With these basic techniques, you can install your cabinets straight, solid and true

Don’t have an account yet?

Sign up today for FREE and become part of The Family Handyman community of DIYers.

User Comments

Step 1: Order the cabinets and assemble key tools and materials

Special combination drill bit

Installing new kitchen cabinets may seem intimidating, but the techniques are really quite simple. Think of it as screwing a series of boxes to the wall and to one another in the proper sequence. If your cabinet plan is correct, your main job is to find the best starting point and keep everything level. In this story well show you how to master these key steps. Well tell you how to lay out the cabinet positions ahead of time to avoid missteps. Then well show you how to install the base cabinets so theyre perfectly aligned and ready to be measured for the new countertop. Last, well show you a simple method for installing the upper wall cabinets. The entire project typically takes less than a day. And depending on how large and elaborate your kitchen is, youll save at least $500 (and probably much more) in installation charges.

You only need a few basic tools to do a first-class job. Youll need an accurate 4-ft. level, a screw gun powerful enough to drive 2-1/2-in. screws and a couple of good screw clamps that open to at least 8 in. Buy a 1/8-in. combination drill/countersink bit for predrilling the screw holes. Youll also need a block plane or belt sander for fine tuning the cuts to fit. A 1-lb. box of 2-1/2-in. screws and three bundles of shims will be enough for nearly any kitchen full of cabinets.

Make sure you have the right cabinets

Installing Kitchen Cabinets The Family Handyman

The cabinets shown are called face frame cabinets, meaning they have a 3/4-in.- thick frame surrounding the front of the cabinet box. European style (also called frameless) cabinets are simple boxes without the face frame, and they require a few special installation steps that we wont cover in this article.

We wont cover planning and ordering your cabinets here either. Just about any home center or lumberyard that sells factory- built cabinets will help you custom-design your kitchen cabinet layout. All the staff needs is a drawing of your existing kitchen floor plan complete with exact appliance locations and room dimensions. But before you finalize the order, closely examine the computer screen and/or printout to make sure doors swing the right direction, end cabinets have finished panels on the ends, and toe-kick boards (1/4-in.-thick strips of finished wood for trimming cabinet bases) and filler strips are included. We highly recommend that you order at least two extra filler strips for backups in case of miscuts. Keep a copy of the printout; youll need it to guide your installation.

When your cabinets arrive, open up the boxes immediately and confirm that each cabinet matches the one on the plan, all the parts are included and theres no damage. A single mistake can delay the entire project. In our order, one cabinet was 6 in. undersized, the toe-kick trim boards were missing and two of the cabinets were seriously damaged. Believe me, it happens!

Step 2: Base cabinets: Set the cabinet height and cabinet order

Photo 1: Mark the cabinet height

Draw a level line on the wall 34-1/2 in. above the highest spot on the floor. Draw vertical lines to mark each cabinet location, label each cabinets position on the wall and find and mark the studs. » class=»step2enlargePic enlargePic» href=»http://hostedmedia.reimanpub.com/TFH/Step-By-Step/FH05OCT_KITCAB_02.JPG»> Photo 1: Mark the cabinet height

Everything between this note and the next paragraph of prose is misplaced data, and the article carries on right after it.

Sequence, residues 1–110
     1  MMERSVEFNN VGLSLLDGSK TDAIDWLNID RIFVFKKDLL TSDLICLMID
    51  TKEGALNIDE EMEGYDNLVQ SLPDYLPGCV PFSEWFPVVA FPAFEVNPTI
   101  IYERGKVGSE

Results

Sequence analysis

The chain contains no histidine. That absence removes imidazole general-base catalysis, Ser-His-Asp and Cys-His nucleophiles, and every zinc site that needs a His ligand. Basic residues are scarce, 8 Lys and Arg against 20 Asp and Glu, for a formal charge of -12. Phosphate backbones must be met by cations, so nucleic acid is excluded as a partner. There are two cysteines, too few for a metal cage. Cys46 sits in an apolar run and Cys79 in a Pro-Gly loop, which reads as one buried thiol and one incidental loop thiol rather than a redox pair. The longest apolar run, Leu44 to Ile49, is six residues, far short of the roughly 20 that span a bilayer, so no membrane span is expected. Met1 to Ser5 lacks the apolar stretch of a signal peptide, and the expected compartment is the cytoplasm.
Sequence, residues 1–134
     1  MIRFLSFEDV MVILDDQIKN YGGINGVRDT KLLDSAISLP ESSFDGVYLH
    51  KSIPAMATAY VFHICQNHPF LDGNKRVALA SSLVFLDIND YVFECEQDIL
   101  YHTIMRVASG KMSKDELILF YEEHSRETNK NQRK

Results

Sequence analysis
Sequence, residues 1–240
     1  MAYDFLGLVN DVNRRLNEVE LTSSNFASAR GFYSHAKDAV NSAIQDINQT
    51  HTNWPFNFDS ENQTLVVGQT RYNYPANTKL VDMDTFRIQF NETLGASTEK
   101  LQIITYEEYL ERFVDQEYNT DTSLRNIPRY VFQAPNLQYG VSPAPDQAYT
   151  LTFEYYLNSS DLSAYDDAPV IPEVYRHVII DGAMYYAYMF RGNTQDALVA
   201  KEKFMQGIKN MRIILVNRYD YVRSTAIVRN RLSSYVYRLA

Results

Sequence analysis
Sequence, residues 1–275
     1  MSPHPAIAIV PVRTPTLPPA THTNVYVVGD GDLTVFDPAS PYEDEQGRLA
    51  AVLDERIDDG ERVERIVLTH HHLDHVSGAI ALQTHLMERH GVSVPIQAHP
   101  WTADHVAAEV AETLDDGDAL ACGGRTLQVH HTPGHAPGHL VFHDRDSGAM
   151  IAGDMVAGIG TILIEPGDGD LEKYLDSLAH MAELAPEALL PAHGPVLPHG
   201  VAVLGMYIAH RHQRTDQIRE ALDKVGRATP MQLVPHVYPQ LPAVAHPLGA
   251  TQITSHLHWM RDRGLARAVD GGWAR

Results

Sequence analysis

Find the highest spot on the floor

Most kitchen floors are very flat, especially in homes less than 40 years old. But its always best to confirm that by looking for the highest spot on the floor anywhere a cabinet will sit. Youll measure up from that spot and draw a level line to define the top of all of the base cabinets (Photo 1).

Find that spot with a straight 8-ft.- long 2×4 (or shorter to fit between the end walls if needed) and a 4-ft. level. Rest the 2×4 with the level on top about 1 ft. away and parallel to the wall and shim the 2×4 until its level. Then mark the highest spot on the floor and repeat near any other walls thatll have cabinets. Continue until you find the highest spot. If you have two high spots, rest the board on both and find the highest one. Measure up the wall behind that spot exactly 34-1/2 in. (standard cabinet height) and mark the wall at that point. Using that mark as a starting point, draw a level line along the walls wherever base cabinets are planned (Photo 1).

Test-fit the base cabinets

In most cases, the corner cabinets determine where the rest of the cabinets go. Thats especially true with lazy Susan corner cabinets, which have face frames facing two directions and have to meet adjoining cabinets perfectly. Our kitchens blind-corner cabinets (Photo 2) are a bit more forgiving. Check your cabinet layout by dry-fitting all the base cabinets, starting with the corner ones, and setting all the cabinets in place as tightly together as possible. If the layout calls for filler strips, make sure to leave spaces for those, too. With the cabinets in place, check to make sure drawers and doors clear one another, appliance openings are the proper widths and sink bases center under windows above. Unless your cabinet plan is flawed, any adjustments youll need to make are just a matter of ripping filler strips narrower or using wider ones. Next, remove the shelves, drawers and doors and mark them and their matching cabinets with numbered masking tape to save time and confusion later. Then move the cabinets out of the room.

Starting with the corner cabinets, carefully measure, draw and label each base cabinet and appliance location on the wall. Use a 4-ft. level and a pencil (Photo 1). The marks should reflect the width of the face frame, not the cabinet back. (The cabinet back is actually 1/2 in. narrower than the front, 1/4 in. on each side.) Use a stud finder or probe with nails to find and mark the stud locations just above the horizontal leveling line.

Step 3: Base cabinets: Level and set the boxes

Photo 2: Position the first cabinet

Set the first cabinet 1/4 in. from the positioning line and shim the base until the top is even with the horizontal line and level from front to back. Drive 2-1/2-in. screws through the back into the wall studs to anchor it. » class=»step3enlargePic enlargePic» href=»http://hostedmedia.reimanpub.com/TFH/Step-By-Step/FH05OCT_KITCAB_04.JPG»> Photo 2: Position the first cabinet

Photo 2: Position the first cabinet

Set the first cabinet 1/4 in. from the positioning line and shim the base until the top is even with the horizontal line and level from front to back. Drive 2-1/2-in. screws through the back into the wall studs to anchor it.

Photo 3: Screw face frames together